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List of Things Every Brewer Fan Should Know

Updated on August 18, 2016

This list is not in order of importance, but rather it is just a compilation of historical things that have happened. I believe a person who claims to be a Brewer fan should know some basic things. Even though the Brewers started playing in Milwaukee in 1970, they are still relatively young in terms of Major League Baseball Teams when you think about how long other teams have been around like the Cubs, White Sox, Red Sox and Reds for example. Because the Brewers have not been around that long compared to other teams, I feel like knowing basic Brewer facts should be relatively easy. Without further ado, here is the list:


  1. Bob Uecker Has Broadcasted on the Radio for the Brewers Every Year in the Franchise’s Existence except for 1970!

Phil Garner along with Pat Listach, Darryl Hamilton and Robin Yount in the early days of his managerial tenure.
Phil Garner along with Pat Listach, Darryl Hamilton and Robin Yount in the early days of his managerial tenure. | Source

2. 1992 was a year the Brewers made a valiant run for the playoffs, but fell short before there was such as thing as a wild card. In Phil Garner’s first year as the Brewers Manager, the team finished with a record of 92-70. For his efforts in the 1992 Season, Pat Listach won the Rookie of the Year award. After the 1992 Season, longtime Brewer Paul Molitor departed as a free agent. Longtime Brewer Jim Gantner also retired after the 1992 season. This means that only one of the players who were a part of the “Triumphant Trio “returned for the 1993 season. Only Robin Yount was still there and he played without his other two longtime teammates in 1993.


3. Two other significant events took place in 1992. On September 9th, 1992, Robin Yount recorded his 3000th major league hit. On that same day, Brewers Owner Bud Selig became interim commissioner of Major League Baseball.

4. It may be a fact that you will not ever have to recite, not even on Jeopardy… but since Robin Yount is the “face of the franchise, any Brewer fan should be able to properly say that Yount debuted in the majors as an 18 year old Shortstop in 1974 and ultimately played through the 1993 season. When the Brewers changed uniforms for the 1994 Season and also celebrated the fact they were starting their 25th season in Milwaukee, it was the first season without Robin in a long time! Robin was inducted to the Baseball Hall of Fame on July 25th, 1999 and became the first member of the Hall to wear a Brewers cap. His speech was memorable, as he invoked some humor into it when he talked about never winning a World Series, but he also showed compassion when he reached out to the families of the people who died during the Miller Park Crane Collapse.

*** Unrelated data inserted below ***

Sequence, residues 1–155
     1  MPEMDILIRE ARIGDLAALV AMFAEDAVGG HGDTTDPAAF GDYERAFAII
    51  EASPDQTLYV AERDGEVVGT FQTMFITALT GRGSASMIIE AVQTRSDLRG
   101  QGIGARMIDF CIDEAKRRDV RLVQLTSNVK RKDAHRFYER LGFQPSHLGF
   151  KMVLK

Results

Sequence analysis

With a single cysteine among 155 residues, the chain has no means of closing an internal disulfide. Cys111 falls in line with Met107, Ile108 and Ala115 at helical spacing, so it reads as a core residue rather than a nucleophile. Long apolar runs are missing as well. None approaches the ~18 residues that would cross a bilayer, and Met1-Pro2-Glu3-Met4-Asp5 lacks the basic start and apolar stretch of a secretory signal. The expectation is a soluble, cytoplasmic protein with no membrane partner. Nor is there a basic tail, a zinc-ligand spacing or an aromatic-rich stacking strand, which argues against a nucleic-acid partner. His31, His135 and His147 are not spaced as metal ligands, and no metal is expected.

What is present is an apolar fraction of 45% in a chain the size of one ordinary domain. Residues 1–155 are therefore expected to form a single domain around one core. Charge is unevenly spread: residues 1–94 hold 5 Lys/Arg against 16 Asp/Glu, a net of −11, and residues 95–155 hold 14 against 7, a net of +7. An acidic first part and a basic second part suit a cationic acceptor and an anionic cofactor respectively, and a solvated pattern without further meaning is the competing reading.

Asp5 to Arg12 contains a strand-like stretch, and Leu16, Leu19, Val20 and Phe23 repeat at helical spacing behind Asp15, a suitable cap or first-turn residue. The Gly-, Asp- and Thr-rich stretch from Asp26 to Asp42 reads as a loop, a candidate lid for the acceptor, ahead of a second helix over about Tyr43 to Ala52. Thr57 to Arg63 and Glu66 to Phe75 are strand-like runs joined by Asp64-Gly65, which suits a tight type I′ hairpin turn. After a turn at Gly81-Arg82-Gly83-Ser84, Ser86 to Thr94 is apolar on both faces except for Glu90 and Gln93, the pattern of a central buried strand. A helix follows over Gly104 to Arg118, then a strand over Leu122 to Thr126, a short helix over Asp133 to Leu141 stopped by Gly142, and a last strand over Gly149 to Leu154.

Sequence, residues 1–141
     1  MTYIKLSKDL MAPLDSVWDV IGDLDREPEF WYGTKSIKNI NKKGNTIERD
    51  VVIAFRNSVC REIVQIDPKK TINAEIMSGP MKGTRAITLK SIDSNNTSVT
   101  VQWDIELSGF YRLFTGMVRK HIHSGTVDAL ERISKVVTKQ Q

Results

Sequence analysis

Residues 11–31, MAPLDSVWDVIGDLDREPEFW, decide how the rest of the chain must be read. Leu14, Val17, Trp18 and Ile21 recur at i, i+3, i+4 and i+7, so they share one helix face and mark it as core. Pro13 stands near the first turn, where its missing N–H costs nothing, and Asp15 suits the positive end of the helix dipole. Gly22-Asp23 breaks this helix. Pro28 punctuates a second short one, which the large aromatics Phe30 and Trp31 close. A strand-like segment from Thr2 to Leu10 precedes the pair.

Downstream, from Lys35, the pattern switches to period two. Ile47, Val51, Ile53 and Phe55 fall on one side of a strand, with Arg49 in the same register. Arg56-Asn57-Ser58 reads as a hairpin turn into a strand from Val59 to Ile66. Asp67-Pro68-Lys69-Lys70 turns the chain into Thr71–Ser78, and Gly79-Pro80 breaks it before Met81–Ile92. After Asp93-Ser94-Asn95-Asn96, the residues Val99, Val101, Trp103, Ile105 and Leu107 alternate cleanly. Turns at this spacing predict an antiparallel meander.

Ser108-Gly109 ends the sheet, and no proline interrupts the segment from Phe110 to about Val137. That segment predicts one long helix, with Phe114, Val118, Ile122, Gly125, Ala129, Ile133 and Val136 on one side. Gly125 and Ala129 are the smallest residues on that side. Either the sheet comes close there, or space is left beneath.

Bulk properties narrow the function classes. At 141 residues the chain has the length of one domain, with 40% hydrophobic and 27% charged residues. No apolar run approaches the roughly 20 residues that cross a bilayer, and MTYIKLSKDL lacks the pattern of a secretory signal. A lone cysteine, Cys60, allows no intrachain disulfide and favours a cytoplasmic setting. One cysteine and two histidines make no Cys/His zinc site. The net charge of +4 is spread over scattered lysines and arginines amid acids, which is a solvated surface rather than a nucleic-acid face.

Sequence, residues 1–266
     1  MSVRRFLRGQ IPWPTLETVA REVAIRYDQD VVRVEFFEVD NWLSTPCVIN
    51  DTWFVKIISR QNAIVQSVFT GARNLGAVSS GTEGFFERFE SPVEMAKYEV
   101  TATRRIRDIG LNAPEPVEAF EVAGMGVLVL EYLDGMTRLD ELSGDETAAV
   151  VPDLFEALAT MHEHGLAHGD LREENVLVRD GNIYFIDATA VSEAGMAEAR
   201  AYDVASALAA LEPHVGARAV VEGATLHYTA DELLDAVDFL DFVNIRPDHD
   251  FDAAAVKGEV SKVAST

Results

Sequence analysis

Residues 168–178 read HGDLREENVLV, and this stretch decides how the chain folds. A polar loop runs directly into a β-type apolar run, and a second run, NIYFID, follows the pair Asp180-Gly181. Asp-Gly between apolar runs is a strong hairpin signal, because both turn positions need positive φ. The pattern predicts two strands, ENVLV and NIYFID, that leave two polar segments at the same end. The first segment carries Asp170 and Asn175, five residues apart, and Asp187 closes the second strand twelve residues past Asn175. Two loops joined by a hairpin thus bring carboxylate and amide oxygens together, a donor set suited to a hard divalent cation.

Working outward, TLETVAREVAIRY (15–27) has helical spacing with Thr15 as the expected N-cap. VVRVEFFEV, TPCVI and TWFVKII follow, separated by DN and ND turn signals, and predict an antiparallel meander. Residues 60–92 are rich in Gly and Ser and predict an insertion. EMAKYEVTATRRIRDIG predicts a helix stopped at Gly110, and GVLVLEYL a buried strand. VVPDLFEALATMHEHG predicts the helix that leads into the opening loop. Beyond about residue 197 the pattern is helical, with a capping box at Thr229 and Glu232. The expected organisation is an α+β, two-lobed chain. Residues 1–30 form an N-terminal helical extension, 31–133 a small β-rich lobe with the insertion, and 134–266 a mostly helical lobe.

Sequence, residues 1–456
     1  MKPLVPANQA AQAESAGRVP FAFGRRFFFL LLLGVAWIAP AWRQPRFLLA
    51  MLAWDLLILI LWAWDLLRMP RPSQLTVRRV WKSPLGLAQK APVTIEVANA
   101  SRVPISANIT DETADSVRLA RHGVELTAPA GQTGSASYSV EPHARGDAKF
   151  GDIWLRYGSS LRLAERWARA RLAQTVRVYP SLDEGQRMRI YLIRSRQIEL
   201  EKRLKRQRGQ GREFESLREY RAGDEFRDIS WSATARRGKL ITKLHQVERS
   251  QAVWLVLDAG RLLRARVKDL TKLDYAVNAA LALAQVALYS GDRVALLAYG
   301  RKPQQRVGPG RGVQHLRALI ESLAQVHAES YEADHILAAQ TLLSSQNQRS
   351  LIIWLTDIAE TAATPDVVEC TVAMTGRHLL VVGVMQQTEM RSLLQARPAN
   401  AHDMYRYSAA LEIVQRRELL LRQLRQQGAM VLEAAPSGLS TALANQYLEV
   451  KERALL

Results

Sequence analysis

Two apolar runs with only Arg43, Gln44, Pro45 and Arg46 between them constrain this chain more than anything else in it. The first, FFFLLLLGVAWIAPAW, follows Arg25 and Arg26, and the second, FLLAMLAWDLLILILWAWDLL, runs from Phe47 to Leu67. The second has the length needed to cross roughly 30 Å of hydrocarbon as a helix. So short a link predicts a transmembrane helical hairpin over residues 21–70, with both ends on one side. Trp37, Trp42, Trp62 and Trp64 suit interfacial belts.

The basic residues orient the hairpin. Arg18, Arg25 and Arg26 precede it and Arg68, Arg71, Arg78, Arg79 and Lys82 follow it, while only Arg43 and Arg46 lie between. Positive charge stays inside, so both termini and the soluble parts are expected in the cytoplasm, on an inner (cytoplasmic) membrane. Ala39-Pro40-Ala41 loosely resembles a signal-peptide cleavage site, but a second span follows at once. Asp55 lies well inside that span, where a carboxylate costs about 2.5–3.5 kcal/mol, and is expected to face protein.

5. The Brewers moved to the National League Central before the start of the 1998 season. As a result of the Brewers vacating the American League Central, the Tigers moved from the AL East to the AL Central. The Brewers were the first team to switch leagues, but now the Astros have also jumped from one league to the other.


6. Bud Selig was the Brewers’ longtime owner who was on board from the birth of the Brewers in 1970 until 1992 when he became acting commissioner of baseball. In 1998, he was named the OFFICIAL commissioner, and since he was in charge of all of baseball the Brewers team was handed down to daughter Wendy Selig-Prieb. Mark Attanasio bought the Brewers and officially became the 2nd owner in franchise history on January 13th, 2005.


7. As of November 4th, 2015, the Brewers have had four Playoff Appearances. In 1981 they appeared in the playoffs as part of a strike shortened season. Unfortunately, they lost the American League Division Series to the Yankees 3 games to 2. In 1982 they made it all the way to the World Series, but ultimately lost in 7 games to the St. Louis Cardinals. In 2008, they finally returned to the playoffs, but this time they were a member of the National League since they had moved in 1998. The Brewers were defeated in the Division Series to the Phillies by a margin of three games to one. The Fourth Playoff Appearance occurred in 2011 as the Brewers won the National League Central Division Title. This playoff berth meant the most to me, because I am not the hugest fan of the Wild Card. In addition to not being the biggest fan of the Wild Card, I was born AFTER the Brewers ONLY World Series appearance in 1982, so I felt a lot of elation at the fact that my Milwaukee Brewers had actually won a division championship in 2011. To this present day, I still can’t fathom the fact that the Brewers won an NL Central title in 2011 despite the fact they had the Cardinals, Reds, Pirates and Astros in their same division. Anyways, that is the Brewers’ Playoff History, and every person who calls his or her self a Brewer fan should know about it.